"Bird of the Ocean Shores"

Brown Pelican

        I drove to California with my Daughter to see Grandkids. It was an adventure not only to see the new "greats" in my life, but to recall the smell of salt in the air and feel the sand beneath my feet. After all the hugs and kisses, tons of food, and lots of talk, my Granddaughter had a surprise for her bird-loving Grandma. She took me to brown pelicanMalibu Beach.

        We went driving next to the ocean, we watched the sun lowering itself over the horizon, and we saw a long line of large birds cruising along the breaking waves. Wow! I had seen these scenes many times before in movies, and now I was seeing it live. Then, as though right on cue, a flock of Brown Pelicans landed in a tidal pond 100 yards away, and I had a camera!

        The Brown Pelican has been photographed as both a scenic flyer and drawn as a comical figure through the years. It is the favorite bird of many bird watchers. The Brown Pelican is the bird of the ocean shores, for they are not found inland. They range along both coasts of the United States clear down to South America.

        The Brown Pelicans have different hunting techniques. They will tuck their wings while flying and plunge-dive into the ocean seeking food. Other Pelicans fish in groups on the surface of the water, working as a team to roundup fish. Brown Pelicans will follow fishing boats and clean up any trash fish thrown overboard. The fishermen call them opportunist moochers. They are also known to steal fish from other sea birds when possible.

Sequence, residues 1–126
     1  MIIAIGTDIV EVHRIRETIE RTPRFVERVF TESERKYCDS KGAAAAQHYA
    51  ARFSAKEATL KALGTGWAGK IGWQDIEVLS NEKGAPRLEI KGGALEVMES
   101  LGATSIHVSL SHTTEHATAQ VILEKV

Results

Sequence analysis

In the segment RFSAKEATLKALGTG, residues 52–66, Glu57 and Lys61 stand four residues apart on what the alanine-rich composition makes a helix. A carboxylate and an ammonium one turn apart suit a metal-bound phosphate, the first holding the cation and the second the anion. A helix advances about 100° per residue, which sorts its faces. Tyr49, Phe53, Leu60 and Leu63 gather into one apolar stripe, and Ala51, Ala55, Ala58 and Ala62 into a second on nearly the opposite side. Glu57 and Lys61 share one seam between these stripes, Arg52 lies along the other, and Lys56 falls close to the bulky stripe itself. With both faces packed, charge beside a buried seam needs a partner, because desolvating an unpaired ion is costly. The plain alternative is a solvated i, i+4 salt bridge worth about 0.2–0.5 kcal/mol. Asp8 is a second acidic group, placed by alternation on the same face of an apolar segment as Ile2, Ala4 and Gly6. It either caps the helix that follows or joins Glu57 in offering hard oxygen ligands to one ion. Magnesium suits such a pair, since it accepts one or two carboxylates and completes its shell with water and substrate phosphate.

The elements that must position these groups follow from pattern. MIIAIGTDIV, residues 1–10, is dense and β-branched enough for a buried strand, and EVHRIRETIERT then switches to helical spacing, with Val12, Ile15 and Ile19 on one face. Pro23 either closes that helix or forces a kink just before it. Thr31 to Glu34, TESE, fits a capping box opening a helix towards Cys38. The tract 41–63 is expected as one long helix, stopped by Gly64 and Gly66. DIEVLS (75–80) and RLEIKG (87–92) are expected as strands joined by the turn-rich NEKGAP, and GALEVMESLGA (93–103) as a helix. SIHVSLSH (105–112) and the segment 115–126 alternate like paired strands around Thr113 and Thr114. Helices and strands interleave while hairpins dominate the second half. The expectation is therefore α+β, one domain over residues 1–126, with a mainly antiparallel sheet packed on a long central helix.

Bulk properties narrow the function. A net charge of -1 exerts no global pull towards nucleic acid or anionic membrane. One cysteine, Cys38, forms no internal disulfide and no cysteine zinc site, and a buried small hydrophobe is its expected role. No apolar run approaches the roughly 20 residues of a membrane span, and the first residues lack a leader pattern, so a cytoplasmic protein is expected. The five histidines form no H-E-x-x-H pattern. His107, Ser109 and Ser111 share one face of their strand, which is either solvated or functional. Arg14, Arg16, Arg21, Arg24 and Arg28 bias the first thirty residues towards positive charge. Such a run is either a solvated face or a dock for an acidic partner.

Unlike most birds that warm their eggs with the skin of their breasts, the Brown Pelicans incubate their eggs with their feet. They hold the eggs under the webs that stretch from the front toes to the hind toe, essentially standing on the eggs to warm them. After the 2nd World War when DDT was prevalent in their food supply, this peculiar incubation method caused the Brown Pelican to almost go extinct. The effects of the pesticide made the eggshells thin, and the incubating parents frequently cracked their eggs. When DDT was discontinued, Brown Pelican numbers began to increase and they are doing well today.

        If you would like to see this comical, movie star bird you will need to go to southern California. The Pelicans you see passing through our area are the White Pelicans migrating north.

        The artist this week is Renee Linford. Thank you for your time and your talent drawing the Brown Pelican. If you have questions about Pelicans or just want to talk about birds, call Marilyn Davis, 435 673-0996.


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